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Disease doesn’t care about national borders. The pathogen hopping the red eye from Berlin to Boston doesn’t need a passport. So, in order to be proactive about protecting our health, we need to think globally. In this episode of Crash Course Public Health, we’re traveling around the world to look struggles and triumphs of public health on a global scale.

Chapters:
Introduction to Global Health 00:00
The WHO 2:15
Communicable Disease 3:26
Non-communicable Disease 6:11
Foreign Aid 8:33
Economic Inequality 11:57
Review & Credits 14:18

Check out our shared playlist with APHA: https://www.youtube.com/playlist?list=PLDjqc55aK3kywF2dd97_Jh5iP0d2ARhdo

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Transcript: https://docs.google.com/document/d/1PGWfPiIEAew9MoL2KDpT-yR1cQF02cvuBOOajeFAcQg/edit?usp=sharing

Sources: https://docs.google.com/document/d/1OHJiQ1njj5jWJC1YLDBzQgKC1QfnVgqJbbpK6qs7ekA/edit?usp=sharing
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Humans across the globe have become very  interconnected–and so has our health.

No matter how we try to slice  and dice up our planet with   political and geographical boundaries,  health remains a species-wide concern. In some cases, our health has blurred  these boundaries.

And in other ways,   human health has been decided by them. But with over 7 billion people living in about  200 different countries across the planet,   global health can be … complicated.  Challenging. Even surprising.

Like, it turns out that the communicable  diseases we often think of as the biggest   killers–like malaria or the flu–actually aren’t  the leading causes of death in most places. So then…what is? And, how do entire countries  provide care for each other?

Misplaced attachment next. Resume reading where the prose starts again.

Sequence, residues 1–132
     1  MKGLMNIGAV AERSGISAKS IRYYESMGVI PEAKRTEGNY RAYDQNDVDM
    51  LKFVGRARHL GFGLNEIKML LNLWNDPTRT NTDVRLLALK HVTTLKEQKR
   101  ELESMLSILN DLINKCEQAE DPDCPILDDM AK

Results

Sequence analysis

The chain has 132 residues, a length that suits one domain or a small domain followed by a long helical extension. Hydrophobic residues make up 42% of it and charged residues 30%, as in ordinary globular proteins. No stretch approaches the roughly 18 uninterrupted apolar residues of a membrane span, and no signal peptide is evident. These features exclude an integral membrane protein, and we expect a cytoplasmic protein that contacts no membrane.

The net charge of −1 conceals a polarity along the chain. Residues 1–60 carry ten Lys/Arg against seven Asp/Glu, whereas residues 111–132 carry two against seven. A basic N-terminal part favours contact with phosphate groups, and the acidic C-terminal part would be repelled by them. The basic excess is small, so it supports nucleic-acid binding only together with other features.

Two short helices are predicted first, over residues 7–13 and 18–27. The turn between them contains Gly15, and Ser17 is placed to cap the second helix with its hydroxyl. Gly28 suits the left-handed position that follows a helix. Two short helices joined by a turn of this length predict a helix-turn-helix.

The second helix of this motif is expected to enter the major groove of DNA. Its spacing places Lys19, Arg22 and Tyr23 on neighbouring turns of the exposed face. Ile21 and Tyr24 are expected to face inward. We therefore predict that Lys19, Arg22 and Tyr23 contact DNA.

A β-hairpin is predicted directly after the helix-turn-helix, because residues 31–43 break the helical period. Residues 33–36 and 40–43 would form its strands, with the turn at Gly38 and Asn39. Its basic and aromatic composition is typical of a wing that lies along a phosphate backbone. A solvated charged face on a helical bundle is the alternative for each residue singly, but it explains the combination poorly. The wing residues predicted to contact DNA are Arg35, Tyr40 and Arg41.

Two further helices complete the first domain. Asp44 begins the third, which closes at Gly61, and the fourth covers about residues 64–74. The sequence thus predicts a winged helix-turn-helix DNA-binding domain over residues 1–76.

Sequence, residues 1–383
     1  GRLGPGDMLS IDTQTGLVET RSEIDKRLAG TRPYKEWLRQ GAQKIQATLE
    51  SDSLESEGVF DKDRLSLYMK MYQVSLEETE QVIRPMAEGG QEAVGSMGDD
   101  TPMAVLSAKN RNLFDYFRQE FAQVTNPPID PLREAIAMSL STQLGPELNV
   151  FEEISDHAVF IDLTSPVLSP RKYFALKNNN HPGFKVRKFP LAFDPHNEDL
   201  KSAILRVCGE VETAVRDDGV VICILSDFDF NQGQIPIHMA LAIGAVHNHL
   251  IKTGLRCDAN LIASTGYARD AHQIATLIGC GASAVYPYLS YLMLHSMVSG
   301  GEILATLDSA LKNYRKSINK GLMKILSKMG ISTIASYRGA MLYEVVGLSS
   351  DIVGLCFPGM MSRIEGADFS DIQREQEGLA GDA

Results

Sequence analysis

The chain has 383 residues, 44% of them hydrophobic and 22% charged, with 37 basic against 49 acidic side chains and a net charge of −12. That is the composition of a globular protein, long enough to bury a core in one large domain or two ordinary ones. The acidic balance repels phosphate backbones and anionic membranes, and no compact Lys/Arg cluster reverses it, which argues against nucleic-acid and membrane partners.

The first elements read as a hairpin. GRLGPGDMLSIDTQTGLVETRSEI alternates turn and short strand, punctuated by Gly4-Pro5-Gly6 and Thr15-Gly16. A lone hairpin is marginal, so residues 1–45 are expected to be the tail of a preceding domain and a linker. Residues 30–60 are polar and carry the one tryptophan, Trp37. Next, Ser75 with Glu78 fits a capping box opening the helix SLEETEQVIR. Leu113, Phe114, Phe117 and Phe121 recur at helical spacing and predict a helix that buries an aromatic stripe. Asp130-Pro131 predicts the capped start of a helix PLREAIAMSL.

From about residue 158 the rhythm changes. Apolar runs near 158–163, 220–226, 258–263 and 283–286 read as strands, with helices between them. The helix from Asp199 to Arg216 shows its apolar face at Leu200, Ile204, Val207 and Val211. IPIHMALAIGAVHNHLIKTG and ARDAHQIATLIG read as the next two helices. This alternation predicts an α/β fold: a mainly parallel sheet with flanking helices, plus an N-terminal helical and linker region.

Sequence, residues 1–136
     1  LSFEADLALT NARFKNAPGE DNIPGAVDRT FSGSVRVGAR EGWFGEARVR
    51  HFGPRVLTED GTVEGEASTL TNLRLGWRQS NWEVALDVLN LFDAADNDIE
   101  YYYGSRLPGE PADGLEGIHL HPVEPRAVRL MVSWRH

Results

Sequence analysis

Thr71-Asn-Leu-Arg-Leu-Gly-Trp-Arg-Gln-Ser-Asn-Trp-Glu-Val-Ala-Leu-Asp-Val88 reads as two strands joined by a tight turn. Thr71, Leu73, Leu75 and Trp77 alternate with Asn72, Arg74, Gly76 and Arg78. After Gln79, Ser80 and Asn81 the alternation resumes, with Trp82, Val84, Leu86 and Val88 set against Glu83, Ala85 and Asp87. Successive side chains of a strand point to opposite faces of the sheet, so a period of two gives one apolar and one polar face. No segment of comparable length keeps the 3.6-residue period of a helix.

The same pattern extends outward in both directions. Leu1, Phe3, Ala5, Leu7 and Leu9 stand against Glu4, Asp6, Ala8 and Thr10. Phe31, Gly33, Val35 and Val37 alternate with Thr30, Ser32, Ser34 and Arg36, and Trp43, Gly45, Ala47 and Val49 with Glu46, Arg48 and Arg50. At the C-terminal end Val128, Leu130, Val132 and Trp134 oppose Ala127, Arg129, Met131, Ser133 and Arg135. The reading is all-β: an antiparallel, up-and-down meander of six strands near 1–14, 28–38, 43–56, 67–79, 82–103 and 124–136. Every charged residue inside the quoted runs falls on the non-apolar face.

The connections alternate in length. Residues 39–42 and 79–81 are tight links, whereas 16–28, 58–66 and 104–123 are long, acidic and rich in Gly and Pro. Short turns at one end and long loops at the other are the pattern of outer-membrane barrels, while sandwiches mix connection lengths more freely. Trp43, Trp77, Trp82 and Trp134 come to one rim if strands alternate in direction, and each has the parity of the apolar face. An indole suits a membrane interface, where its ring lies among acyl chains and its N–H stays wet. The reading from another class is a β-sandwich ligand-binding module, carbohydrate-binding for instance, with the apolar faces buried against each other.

And what if a country   doesn’t want help from other countries? And what  if the “help” actually harms other countries? Hi, I’m Vanessa Hill, and this  is Crash Course Public Health!

INTRO So one sort of obvious problem with the term   “global health” is that it can  feel very big and unspecific. And this is partly because it needs to be!  After all, we’re talking about a whole planet! In general, we can think of global health  as a public health approach that puts   emphasis on improving health for everyone  in the world, while eliminating the health   equity gaps that result from things  like nationality, income, and gender.

How successful is it at accomplishing  those goals? Well…it depends. We’ll get to that.

But first, a little historical context. The question of when human health became a  global phenomenon is really up for debate. Like, did it begin during the industrial  revolution of the 18th century when the world saw huge spikes in international trade and  development?

Or was it back in the 13th century,   when Genghis Khan conquered around 9 million  square miles of territory? Or, like, was it at   the dawn of the human species, when our early  ancestors began their migration out of Africa? These are all good answers to the question.  But let’s fast forward to April 1948,   with the establishment of the World  Health Organization, or the W-H-O.

By this point, human civilization  was indisputably a very global phenomenon–  as made evident by the fact that  we’d just come out of our second World War. So, the United Nations formed the WHO,   a special agency dedicated to monitoring  and improving the world’s health. The WHO’s Constitution declared that  the organization’s objective “shall be the attainment by all peoples of the  highest possible level of health. ” This was one of the first global movements that   basically established health as  an international human right.

Which feels like it should’ve been obvious from  the start, but I guess we needed it in writing? The WHO is basically in charge of making a  vision board for the entire planet’s health. It sets international standards for health,   collects and analyzes data from around  the world, monitors concerning new and   old diseases, and helps coordinate emergency  responses and research between countries.

When the WHO was formed, the leading cause of  global human death was communicable diseases. These are diseases that are  spread–or “communicated,” as it were– from one living thing  to another through pathogens. These are things like bacteria and viruses   that are spread through respiratory  droplets, blood, saliva, and such.

A pathogen knows but two laws: reproduce  in an organism and spread to new ones. It doesn’t notice or care when it  crosses the border from Egypt to Libya,   or when it hitches a ride on a  red-eye flight from Boston to Berlin. And as people became better at moving  around resources and–well–themselves,   they also got better at  moving these pathogens around.